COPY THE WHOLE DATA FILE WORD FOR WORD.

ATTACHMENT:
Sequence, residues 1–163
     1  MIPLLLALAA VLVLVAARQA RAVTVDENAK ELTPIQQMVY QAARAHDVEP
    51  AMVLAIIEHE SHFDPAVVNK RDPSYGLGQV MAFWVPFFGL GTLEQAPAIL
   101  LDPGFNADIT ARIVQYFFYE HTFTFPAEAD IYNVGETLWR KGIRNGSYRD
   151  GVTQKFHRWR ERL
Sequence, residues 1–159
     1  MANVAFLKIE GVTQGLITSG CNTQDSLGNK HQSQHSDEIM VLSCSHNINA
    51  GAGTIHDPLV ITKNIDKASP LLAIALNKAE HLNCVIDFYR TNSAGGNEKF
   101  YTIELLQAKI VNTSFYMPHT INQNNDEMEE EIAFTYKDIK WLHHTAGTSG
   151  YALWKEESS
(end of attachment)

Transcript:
Sequence, residues 1–163
     1  MIPLLLALAA VLVLVAARQA RAVTVDENAK ELTPIQQMVY QAARAHDVEP
    51  AMVLAIIEHE SHFDPAVVNK RDPSYGLGQV MAFWVPFFGL GTLEQAPAIL
   101  LDPGFNADIT ARIVQYFFYE HTFTFPAEAD IYNVGETLWR KGIRNGSYRD
   151  GVTQKFHRWR ERL
Sequence, residues 1–159
     1  MANVAFLKIE GVTQGLITSG CNTQDSLGNK HQSQHSDEIM VLSCSHNINA
    51  GAGTIHDPLV ITKNIDKASP LLAIALNKAE HLNCVIDFYR TNSAGGNEKF
   101  YTIELLQAKI VNTSFYMPHT INQNNDEMEE EIAFTYKDIK WLHHTAGTSG
   151  YALWKEESS